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Know the West

Wanted: experienced firefighters

The Forest Service discovers it's hard to find good help


During a spectacular evening thunderstorm in July 1994, lightning ignited a tree on the side of Storm King Mountain near Glenwood Springs, Colo. Residents in the canyon below reported seeing smoke the next day, but federal land-management agencies deployed firefighters to other fires they considered higher priority. For the next few days, they only monitored the fire as it slowly crept across the mountain's shoulder.

Finally, a team of smokejumpers parachuted into what was called the South Canyon Fire. Two hotshot crews hiked in the next day. On July 6, strong winds pushed a wall of flame up the mountain, killing 14 firefighters (HCN, 12/6/99: An angry, compassionate memorial to a mysterious tragedy).

The deaths inspired soul-searching in fire circles, prompting the five federal land-management agencies to study safety on the fireline. Their conclusion: There aren't enough experienced fire managers. Managers not only plan firefighting strategies, but also mobilize, house and feed hundreds of firefighters at a fire complex.

This summer is shaping up to be a hot one for fires, particularly in the Southwest, and many in the fire community fear that the problems spotlighted at South Canyon still exist. Budget cuts are eating away not only at fire-management teams, but also at the attack crews that do the work on the ground.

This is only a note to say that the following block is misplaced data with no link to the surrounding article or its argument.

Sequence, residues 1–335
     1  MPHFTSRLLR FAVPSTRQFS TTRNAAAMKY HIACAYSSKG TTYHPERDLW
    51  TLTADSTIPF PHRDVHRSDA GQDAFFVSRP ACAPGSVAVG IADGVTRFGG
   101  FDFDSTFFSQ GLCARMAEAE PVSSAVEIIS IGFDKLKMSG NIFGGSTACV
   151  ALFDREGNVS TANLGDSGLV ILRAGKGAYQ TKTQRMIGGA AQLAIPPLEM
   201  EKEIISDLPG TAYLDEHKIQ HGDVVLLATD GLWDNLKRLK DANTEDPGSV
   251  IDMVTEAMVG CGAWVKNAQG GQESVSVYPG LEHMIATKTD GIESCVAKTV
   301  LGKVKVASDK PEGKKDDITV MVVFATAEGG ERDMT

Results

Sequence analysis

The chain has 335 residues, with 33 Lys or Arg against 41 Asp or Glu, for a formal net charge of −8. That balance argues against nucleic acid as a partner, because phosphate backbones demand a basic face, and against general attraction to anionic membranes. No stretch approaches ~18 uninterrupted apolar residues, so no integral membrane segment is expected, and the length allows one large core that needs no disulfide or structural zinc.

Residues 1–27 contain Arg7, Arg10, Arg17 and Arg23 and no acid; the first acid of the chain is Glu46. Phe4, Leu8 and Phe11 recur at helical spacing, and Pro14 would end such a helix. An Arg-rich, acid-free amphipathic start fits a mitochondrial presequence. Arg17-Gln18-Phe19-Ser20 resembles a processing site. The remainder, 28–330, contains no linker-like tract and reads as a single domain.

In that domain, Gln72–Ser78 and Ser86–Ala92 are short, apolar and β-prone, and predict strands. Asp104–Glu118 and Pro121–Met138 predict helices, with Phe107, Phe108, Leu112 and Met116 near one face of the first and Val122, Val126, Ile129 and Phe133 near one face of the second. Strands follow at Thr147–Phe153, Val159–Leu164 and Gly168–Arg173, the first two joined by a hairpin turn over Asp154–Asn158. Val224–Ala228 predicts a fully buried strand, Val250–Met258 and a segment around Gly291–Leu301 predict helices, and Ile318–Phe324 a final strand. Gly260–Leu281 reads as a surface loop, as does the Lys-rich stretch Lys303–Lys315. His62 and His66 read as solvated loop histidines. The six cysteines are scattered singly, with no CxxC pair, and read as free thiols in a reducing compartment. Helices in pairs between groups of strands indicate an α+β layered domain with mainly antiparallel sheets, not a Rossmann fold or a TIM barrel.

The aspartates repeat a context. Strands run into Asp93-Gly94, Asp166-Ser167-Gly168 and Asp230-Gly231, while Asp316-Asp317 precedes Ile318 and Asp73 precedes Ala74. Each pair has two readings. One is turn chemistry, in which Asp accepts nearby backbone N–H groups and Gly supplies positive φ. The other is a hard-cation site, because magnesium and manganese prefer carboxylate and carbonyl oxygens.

"We will be less capable of hiring the number of people this summer that we historically did for initial attack," says Lee Clark with the Lewis and Clark Forest. "Overall, the forest budget is half a million dollars below last year's."

Compounding the problem is an exodus of experienced professionals working in such areas as wildlife biology, timber sales, recreation management, and even clerical positions. During big fire seasons, up to 40 percent of these professionals set aside their normal jobs to participate in fire management.

"Twenty-five years ago, when you joined the Forest Service, it was pretty much accepted philosophy that you fight fires or do fire support," says Mike Apicello, spokesman for the National Interagency Fire Center in Boise, Idaho. As agency priorities have shifted, staffers have moved away from firefighting, he says. "We need to educate people that fire management is a part of land stewardship."

To make up for that loss, the agencies have set up more training programs, asking individual firefighters to assess situations for themselves rather than blindly following orders. And to compensate for a shrunken workforce, they are attacking more fires from the air with slurry bombers and hiring more contract fire crews, says Apicello.

"Over the last couple of years we have been bringing up our best young candidates to train and get them some experience at big fires," he adds.

The efforts seem to be paying off, but the agencies aren't out of the woods yet.

Three years ago, Steve Gauger of Region 1's Kootenai Ranger District had trouble recruiting workers to fill two overhead teams. This past year, things looked better, he said, but "there's still some critical areas such as finance, air operations and logistics where it's hard to find people."

Mark Matthews writes in Missoula, Mont.

Copyright © 2000 HCN and Mark Matthews


  • Contact Mike Apicello with the Interagency Fire Center at 208/387-5460;
  • Learn more about the Forest Service's fire-management program on the Web at http://www.fs.fed.us/fire/.